This journey highlights Norway's three biggest cities with scenic detours along the way. Start off in sophisticated Oslo before traveling by train and ferry to UNESCO-listed Bergen. From here, drive through fjord-side villages to Ålesund, known for its art nouveau architecture, and Kristiansund. Finish off in Trondheim with colorful wooden homes, café culture, and tree-lined streets for cycling.

Highlights

  • Walk, jog, or bike along Oslo's new five-and-a-half-mile waterfront park
  • Get up close to Europe's largest mainland glacier
  • Have lunch in Geiranger overlooking a beautiful UNESCO-listed fjord
  • Climb up Ålesund's Sugar Top Hill for excellent views of the city, fjord, and coast
  • Explore Norway's third largest city by renting one of the red-painted bicycles

Brief Itinerary

Day Highlights Overnight
Day 1 Arrive in Oslo Oslo
Day 2 Explore Oslo's hidden gems with a local expert Oslo
Day 3 Explore Oslo's Nature Trails Oslo
Day 4 Train to Flåm - Fjordcruise to Bergen Bergen
Day 5 Explore Bergen with a Local Bergen
Day 6 Bergen - Drive to Fjærland Fjærland
Day 7 Visit Jostedalsbreen Glacier - Drive to Geiranger Geiranger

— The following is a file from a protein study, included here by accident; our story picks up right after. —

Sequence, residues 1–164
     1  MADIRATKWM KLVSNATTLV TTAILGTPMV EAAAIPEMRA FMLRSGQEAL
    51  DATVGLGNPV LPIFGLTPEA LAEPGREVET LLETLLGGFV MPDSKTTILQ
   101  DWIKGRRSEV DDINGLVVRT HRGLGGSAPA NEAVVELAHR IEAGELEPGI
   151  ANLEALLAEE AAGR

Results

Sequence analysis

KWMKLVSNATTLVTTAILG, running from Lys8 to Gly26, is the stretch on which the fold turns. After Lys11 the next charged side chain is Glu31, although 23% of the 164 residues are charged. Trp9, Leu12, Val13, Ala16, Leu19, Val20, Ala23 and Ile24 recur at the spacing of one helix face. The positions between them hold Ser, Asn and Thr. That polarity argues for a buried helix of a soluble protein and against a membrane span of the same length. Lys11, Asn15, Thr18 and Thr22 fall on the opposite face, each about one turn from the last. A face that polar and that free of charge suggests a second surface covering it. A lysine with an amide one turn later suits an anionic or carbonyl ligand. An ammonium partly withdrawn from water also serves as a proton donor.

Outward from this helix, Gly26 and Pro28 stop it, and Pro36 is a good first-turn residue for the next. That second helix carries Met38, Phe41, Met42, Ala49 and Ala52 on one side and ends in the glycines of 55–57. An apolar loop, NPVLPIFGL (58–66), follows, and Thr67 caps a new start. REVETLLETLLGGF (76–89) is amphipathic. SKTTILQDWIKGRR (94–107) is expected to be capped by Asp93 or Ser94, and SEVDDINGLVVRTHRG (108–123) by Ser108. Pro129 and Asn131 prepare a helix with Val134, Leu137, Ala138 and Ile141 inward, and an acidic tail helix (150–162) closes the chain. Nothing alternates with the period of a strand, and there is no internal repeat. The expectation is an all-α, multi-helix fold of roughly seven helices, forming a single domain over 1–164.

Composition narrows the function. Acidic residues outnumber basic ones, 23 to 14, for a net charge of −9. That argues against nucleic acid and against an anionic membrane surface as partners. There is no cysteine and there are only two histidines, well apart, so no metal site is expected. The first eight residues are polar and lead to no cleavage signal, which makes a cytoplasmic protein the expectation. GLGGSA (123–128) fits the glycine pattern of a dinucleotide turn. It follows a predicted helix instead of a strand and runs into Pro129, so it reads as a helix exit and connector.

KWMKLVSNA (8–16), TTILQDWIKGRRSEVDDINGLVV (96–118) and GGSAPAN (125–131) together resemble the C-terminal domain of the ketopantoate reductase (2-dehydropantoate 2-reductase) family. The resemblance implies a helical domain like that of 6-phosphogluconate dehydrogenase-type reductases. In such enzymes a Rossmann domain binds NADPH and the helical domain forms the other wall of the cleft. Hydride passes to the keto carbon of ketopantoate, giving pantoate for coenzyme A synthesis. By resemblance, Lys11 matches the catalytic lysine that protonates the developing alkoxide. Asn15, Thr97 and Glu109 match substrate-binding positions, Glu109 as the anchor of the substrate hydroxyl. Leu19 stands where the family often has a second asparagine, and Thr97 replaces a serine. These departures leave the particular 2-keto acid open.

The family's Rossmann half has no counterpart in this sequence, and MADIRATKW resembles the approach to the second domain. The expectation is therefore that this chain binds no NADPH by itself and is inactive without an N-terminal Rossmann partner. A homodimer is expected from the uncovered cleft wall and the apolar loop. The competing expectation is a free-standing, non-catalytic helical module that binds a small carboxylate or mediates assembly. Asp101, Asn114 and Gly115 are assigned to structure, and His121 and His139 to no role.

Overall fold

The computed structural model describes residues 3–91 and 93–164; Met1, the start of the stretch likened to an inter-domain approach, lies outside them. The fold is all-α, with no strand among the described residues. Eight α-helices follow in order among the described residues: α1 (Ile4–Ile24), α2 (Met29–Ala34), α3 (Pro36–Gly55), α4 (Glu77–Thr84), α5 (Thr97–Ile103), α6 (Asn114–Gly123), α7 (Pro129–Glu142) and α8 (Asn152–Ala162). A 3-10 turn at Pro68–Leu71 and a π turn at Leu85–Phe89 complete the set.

Day 8 Explore Geiranger - Drive to Ålesund Ålesund
Day 9 Drive to Kristiansund via the Atlantic Road Kristiansund
Day 10 Kristiansund - Drive to Trondheim Trondheim
Day 11 Trondheim - Drive to Oslo Oslo
Day 12 Depart Oslo  

Detailed Itinerary

Day 1: Arrive in Oslo

Akrobaten pedestrian bridge in downtown Oslo
Akrobaten pedestrian bridge in downtown Oslo

Welcome to Oslo! Norway's rapidly growing capital is still considered a small city, helped by the fact that it's surrounded by mountains and sea. Not only is the city center made for walking, but outlying neighborhoods—filled with charm and character—are easily accessible by public transportation, so jump on a tram, train, or bus and explore all of what Oslo has to offer.